Domestic Violence, Poverty and Children

When I was a child in the 60's domestic abuse still occurred and dysfunctional families existed but most families could easily survive on a single income and most mothers stayed in the home and their primary role was caring for children. Communities were much stronger in those days, young families were the heart of them and inequity was less obvious. The minimum weekly wage for a man in 1969 was $42 (the equivalent of $673 now, and $100 more than the current minimum).

The Government had poured much money into child health and we led the world in our approach to caring for our children. In 1946 a universal family benefit was paid to mothers at 10 shillings a week for each child (this would be the equivalent of $40 per child now). In 1958 this was increased to 15 shillings and the money could also be saved and capitalized up to 1,000 pounds (equivalent to $43,500) to buy or improve a home. We had dental clinics in each school and provided free milk.

The 60s weren't perfect, women lacked equality and racism defined immigration policy, but we did value children and the importance of families. The standard of housing was good for the time and home ownership was around 75% (now in Auckland it is 58%). Even if a child came from a struggling family, a minimum income could still allow them to fully participate in their schooling and extra-curricular activities and a strong state housing sector provided good homes for those in need.

Since the 1960s we have become one of the worst in the OECD for the welfare and safety of our kids, with one child killed every five weeks, 1 in 4 girls are sexually abused before they are 15 and 1 in 7 boys are abused.

So what has change since the 1960s that has put pressure on families and has had a negative impact on children?
  • It is harder for parents who choose to look after their children at home to do so, two incomes are now necessary to support a family and the cost of housing has dramatically increased.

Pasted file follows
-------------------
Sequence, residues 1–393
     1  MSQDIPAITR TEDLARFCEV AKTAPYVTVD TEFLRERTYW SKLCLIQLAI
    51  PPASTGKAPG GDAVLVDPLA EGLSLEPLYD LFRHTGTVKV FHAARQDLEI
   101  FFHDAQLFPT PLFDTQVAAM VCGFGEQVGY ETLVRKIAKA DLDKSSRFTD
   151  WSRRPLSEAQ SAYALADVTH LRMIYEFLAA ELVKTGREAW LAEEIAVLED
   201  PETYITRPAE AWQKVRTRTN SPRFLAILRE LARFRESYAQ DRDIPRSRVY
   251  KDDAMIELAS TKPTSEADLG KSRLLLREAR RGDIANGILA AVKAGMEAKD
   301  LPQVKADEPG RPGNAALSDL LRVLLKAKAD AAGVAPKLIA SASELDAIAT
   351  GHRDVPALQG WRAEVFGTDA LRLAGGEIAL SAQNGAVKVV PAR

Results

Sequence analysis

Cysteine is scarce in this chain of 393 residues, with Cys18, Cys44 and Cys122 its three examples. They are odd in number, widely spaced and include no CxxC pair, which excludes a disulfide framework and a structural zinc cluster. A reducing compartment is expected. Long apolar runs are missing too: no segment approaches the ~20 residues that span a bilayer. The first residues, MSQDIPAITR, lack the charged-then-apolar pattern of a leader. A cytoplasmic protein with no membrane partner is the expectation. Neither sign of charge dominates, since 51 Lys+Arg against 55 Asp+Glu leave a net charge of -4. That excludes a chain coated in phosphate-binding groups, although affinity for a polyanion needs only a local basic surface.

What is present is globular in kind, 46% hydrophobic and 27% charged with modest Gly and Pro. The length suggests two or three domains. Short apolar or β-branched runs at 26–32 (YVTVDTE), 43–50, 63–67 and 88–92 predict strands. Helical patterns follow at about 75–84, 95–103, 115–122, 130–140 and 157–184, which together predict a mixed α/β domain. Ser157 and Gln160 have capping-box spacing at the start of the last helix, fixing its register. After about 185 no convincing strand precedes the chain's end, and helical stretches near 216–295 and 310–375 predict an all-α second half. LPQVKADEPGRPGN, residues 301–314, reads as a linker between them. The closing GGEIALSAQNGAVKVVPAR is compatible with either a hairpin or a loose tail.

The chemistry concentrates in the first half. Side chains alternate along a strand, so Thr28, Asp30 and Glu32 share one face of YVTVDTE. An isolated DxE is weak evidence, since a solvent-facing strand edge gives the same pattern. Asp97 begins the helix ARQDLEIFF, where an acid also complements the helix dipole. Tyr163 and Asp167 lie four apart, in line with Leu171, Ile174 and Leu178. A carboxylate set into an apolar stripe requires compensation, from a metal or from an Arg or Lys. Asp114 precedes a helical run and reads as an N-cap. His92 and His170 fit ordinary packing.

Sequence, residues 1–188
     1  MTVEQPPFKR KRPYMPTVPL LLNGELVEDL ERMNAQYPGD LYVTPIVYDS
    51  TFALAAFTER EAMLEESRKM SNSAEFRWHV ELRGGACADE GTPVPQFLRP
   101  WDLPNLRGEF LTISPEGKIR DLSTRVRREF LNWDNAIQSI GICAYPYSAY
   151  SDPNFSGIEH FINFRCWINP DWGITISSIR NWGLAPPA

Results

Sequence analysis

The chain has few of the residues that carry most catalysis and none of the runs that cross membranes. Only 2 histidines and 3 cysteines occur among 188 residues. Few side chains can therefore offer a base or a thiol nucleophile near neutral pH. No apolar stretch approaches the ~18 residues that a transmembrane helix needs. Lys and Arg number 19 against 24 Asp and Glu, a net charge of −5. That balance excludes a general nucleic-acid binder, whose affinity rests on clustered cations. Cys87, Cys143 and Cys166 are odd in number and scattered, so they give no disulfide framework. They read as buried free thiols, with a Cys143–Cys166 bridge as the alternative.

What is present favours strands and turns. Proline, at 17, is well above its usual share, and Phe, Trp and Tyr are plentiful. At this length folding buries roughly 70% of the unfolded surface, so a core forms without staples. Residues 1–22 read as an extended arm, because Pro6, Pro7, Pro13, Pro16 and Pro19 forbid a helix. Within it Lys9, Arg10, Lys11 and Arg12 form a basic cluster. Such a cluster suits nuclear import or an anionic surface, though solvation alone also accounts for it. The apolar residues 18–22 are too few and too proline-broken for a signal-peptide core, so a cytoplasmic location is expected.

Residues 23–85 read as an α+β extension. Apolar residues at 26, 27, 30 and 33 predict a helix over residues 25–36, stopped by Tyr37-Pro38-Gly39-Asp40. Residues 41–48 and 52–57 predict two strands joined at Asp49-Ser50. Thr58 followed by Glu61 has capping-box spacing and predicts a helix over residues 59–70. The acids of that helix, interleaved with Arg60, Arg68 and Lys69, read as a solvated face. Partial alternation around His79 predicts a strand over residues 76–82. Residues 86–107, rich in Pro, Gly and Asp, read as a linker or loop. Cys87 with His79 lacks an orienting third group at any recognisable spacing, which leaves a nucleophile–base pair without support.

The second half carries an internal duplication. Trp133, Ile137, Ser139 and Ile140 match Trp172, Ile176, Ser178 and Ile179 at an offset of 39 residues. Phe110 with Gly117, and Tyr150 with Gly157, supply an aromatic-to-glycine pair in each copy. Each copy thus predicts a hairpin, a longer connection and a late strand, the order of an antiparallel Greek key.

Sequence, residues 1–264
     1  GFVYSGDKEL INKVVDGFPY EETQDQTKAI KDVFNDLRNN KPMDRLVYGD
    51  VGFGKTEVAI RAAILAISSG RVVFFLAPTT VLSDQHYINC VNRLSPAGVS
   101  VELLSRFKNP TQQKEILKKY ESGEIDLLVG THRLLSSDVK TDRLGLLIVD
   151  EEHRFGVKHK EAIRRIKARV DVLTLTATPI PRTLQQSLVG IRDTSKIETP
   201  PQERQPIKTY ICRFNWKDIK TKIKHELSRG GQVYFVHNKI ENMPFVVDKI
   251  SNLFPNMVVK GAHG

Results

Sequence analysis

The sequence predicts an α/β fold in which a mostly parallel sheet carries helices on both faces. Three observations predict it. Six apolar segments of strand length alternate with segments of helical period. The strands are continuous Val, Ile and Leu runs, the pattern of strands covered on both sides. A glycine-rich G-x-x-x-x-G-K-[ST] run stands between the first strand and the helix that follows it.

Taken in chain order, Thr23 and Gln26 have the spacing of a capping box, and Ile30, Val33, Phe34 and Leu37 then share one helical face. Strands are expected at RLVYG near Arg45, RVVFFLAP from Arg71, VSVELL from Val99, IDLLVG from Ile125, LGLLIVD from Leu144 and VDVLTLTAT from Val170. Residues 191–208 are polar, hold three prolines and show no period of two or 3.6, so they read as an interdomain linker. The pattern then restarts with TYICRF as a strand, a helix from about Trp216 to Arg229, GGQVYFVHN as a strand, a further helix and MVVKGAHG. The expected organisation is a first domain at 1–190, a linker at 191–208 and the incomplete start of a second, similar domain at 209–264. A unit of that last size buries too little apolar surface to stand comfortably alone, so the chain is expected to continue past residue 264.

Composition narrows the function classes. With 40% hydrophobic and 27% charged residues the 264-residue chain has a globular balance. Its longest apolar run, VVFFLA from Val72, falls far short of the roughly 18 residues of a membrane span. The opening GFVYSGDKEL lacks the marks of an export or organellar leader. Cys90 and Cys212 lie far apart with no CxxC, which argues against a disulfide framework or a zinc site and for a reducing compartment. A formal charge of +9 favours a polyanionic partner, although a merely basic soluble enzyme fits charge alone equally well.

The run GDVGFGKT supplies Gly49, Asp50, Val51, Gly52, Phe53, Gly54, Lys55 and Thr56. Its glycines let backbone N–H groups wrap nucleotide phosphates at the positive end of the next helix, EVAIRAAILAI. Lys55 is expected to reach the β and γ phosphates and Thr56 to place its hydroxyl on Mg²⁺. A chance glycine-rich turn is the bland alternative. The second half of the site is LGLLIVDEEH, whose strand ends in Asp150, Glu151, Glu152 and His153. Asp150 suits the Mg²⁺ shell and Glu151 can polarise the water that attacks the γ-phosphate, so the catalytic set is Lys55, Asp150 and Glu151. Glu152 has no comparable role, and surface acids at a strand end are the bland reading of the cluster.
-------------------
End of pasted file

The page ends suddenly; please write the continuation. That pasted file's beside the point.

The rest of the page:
• Successive Governments have encouraged women to get back into the workforce as soon as possible but child care standards are mixed and the minimum requirement for qualified teachers in early childcare centres is only 50% and there is a funding cap at 80%. The Government supports corporate care (Kidicorp) over community based care. 
  • Inequity is growing in New Zealand at a faster rate than all other OECD countries and the poorest communities are seeing their real incomes dropping considerably. The median income in Mangere-Otahuhu dropped by 14% when including inflation between 2006 and 2013 and is now only $19,700 a year or $378 per week. Almost half would be earning less than that. 
  • Unemployment was near zero in 1960 and now 20% of our workforce is either unemployed or under employed. Young families tend to to be more financially challenged and 50% of children experience poverty at some point in their childhood.
  • Working hours have increased for those in full-time work (often those on lower wages) and many parents now work in weekends. 
  • Primary schools were seen as community hubs and the viability of a school was not just seen in economic terms. The welfare of children is better served when strong communities exist.
  • State housing has not kept up with our population growth or demand and the private sector has been subsidized to provide it instead. There are no minimum standards for private rentals and poor housing is seen as a major contributor to a marked decline in child health with many presenting to hospitals with 3rd world illnesses.